Senior managers at the British supermarket chain Tesco will only receive bonuses if they manage to reverse the grocer's declining profits, according to the group's annual report last week.
Chief executive Philip Clarke and his management team missed out on a bonus and other long-term incentives last year as profit at Britain's largest supermarket company fell for the first time in two decades.
"Our financial performance fell short of where we wanted it to be," Stuart Chambers, chairman of Tesco's remuneration committee, said in the report. In future and in accordance with new guidelines, bonuses will only be paid if profit has grown.
Clarke plans to dump the Fresh & Easy chain in the United States and is retreating from international markets and reducing Tesco's domestic store expansion as the company struggles to maintain its dominant share at home. Last year it invested £1 billion (HK$11.72 billion) revamping stores and training staff as it seeks to win customers back from discounters such as Aldi and more upmarket chains such as Waitrose.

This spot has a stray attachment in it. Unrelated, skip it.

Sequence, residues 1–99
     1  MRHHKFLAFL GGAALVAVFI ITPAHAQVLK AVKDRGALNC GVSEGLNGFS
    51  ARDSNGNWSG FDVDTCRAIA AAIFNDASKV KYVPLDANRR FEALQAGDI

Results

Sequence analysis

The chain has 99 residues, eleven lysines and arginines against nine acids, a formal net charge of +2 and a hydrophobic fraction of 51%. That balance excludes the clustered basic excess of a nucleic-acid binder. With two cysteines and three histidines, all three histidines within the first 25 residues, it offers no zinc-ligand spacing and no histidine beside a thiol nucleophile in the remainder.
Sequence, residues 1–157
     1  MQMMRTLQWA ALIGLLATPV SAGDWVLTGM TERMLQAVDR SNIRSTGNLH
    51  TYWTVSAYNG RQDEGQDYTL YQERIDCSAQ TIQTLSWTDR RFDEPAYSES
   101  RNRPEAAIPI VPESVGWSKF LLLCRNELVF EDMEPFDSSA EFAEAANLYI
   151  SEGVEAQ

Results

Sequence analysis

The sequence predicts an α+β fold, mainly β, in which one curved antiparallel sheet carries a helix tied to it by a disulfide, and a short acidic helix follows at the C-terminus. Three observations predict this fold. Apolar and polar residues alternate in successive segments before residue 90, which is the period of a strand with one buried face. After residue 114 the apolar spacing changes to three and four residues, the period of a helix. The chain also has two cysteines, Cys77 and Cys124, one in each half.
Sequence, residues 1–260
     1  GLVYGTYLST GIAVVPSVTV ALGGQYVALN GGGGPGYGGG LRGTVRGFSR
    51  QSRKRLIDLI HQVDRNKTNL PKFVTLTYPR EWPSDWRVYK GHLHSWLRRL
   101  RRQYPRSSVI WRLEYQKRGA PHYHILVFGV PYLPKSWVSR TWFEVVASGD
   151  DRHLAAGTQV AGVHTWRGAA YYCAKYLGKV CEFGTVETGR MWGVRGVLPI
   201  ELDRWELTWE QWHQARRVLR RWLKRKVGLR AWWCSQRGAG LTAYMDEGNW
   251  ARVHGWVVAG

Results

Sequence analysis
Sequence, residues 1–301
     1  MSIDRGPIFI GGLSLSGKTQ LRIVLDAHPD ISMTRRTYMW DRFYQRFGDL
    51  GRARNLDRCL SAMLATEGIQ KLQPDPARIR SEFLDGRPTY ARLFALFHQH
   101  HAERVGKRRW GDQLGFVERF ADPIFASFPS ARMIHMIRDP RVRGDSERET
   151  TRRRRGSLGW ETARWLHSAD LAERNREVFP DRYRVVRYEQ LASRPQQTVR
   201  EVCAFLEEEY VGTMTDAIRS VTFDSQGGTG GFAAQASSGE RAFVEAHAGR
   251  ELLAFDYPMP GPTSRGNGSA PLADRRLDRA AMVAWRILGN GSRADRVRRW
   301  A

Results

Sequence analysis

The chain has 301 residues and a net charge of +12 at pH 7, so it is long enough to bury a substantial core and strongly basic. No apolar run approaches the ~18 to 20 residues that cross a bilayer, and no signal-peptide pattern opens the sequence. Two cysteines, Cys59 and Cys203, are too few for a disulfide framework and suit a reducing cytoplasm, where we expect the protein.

To reflect Tesco's "fundamentally different approach to space going forward", the company said in the report, it will base future pay awards on trading profit rather than so-called underlying profit, as trading profit does not include property gains.
Tesco said last month that it would scrap 100 planned major store developments. Instead it will focus on expanding its online and convenience-store operations as it seeks to regain lost market share.
Under the new remuneration plan, annual bonuses will be "less heavily weighted towards short-term profits, but linked to a more balanced scorecard of financial, strategic and operational measures", according to the report.
All the same, if maximum targets are met, Clarke can earn as much as £7 million.